June 15, 2024

China Takes On US in Electric Vehicle Subsidy Dispute at World Trade Organization

2 min read
China to oppose Biden’s electric vehicle initiatives at the WTO

The Chinese Commerce Ministry has filed a complaint with the World Trade Organization against the United States over what it perceives as discriminatory requirements for electric vehicle subsidies. The complaint comes in response to a new U.S. rule that went into effect on January 1, which states that electric car buyers are not eligible for tax credits if critical minerals or other battery components were made by Chinese, Russian, North Korean, or Iranian companies. These tax credits are part of President Joe Biden’s 2022 Inflation Reduction Act, aimed at addressing climate change.

The real-world impact of the case is uncertain, given that if the United States were to lose and appeal the ruling, China’s case would likely not progress due to the WTO’s Appellate Body not functioning since late 2019. China is a dominant player in the battery market for electric vehicles and has a rapidly expanding auto industry that could challenge established carmakers globally. The European Union has also expressed concerns about Chinese subsidies for electric vehicles. Under the new U.S. rule, only 13 out of over 50 EV models on sale in the U.S. were eligible for tax credits, prompting automakers to source eligible parts to qualify for the credits.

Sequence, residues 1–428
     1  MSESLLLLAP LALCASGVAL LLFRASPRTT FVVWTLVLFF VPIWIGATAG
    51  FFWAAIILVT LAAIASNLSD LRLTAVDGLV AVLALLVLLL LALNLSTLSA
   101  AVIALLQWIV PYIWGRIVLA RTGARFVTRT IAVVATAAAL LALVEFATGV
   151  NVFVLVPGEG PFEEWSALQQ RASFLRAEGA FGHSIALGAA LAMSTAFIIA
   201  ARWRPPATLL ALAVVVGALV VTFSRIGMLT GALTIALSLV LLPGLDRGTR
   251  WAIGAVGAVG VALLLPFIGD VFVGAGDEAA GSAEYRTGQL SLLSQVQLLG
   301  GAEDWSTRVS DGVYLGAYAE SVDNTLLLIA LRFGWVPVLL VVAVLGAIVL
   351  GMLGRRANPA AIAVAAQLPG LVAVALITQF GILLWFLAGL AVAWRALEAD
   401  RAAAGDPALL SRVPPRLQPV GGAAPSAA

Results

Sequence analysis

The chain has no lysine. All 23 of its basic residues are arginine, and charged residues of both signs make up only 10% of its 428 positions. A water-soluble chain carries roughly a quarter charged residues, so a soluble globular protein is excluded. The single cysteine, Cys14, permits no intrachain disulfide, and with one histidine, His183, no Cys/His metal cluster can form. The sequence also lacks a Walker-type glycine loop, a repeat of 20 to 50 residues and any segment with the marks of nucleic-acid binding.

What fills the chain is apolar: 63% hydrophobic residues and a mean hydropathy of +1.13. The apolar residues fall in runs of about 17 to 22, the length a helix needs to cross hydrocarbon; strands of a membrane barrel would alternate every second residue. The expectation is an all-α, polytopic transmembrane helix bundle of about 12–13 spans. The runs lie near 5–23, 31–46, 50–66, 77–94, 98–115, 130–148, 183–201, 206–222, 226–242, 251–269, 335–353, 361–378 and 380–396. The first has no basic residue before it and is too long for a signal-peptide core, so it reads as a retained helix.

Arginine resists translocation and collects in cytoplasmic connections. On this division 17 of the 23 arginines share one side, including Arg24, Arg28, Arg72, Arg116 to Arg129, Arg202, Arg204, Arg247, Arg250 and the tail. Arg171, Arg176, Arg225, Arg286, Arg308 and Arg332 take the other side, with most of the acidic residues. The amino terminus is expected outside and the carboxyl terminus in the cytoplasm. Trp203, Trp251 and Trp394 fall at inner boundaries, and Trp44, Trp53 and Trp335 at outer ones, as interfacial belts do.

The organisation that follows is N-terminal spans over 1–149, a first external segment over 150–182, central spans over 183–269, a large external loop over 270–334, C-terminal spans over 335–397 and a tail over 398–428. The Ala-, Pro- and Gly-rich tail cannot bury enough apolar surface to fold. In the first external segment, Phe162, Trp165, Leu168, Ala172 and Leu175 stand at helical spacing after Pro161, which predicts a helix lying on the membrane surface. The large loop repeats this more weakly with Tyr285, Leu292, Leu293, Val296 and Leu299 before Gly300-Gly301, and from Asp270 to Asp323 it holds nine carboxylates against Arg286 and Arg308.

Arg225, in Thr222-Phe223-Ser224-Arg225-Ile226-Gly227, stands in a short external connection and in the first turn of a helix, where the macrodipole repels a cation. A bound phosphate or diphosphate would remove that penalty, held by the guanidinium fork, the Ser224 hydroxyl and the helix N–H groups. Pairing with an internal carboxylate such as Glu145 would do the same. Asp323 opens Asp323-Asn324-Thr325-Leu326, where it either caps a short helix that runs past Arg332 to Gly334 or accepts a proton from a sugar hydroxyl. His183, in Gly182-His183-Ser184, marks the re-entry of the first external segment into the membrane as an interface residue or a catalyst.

The Chinese Commerce Ministry did not specify what prompted the complaint but expressed concerns that the U.S. has implemented discriminatory subsidy policies for new energy vehicles under the act. The Ministry believes that these policies exclude Chinese products, distort fair competition, and disrupt the global supply chain for new energy vehicles. Member countries of the WTO can file complaints about the trade practices of other members and seek relief through a dispute settlement process.

President Biden’s 2022 Inflation Reduction Act aims to reduce greenhouse gas emissions by incentivizing consumers to buy electric cars through tax credits and rebates.

China’s complaint highlights growing tensions between Beijing and Washington over trade issues and their effects on global markets.

In recent years, there have been increasing calls from Western countries to curb China’s dominance in key industries such as batteries and semiconductors.

The US-China trade war continues to be an ongoing issue between two superpowers with significant economic implications.

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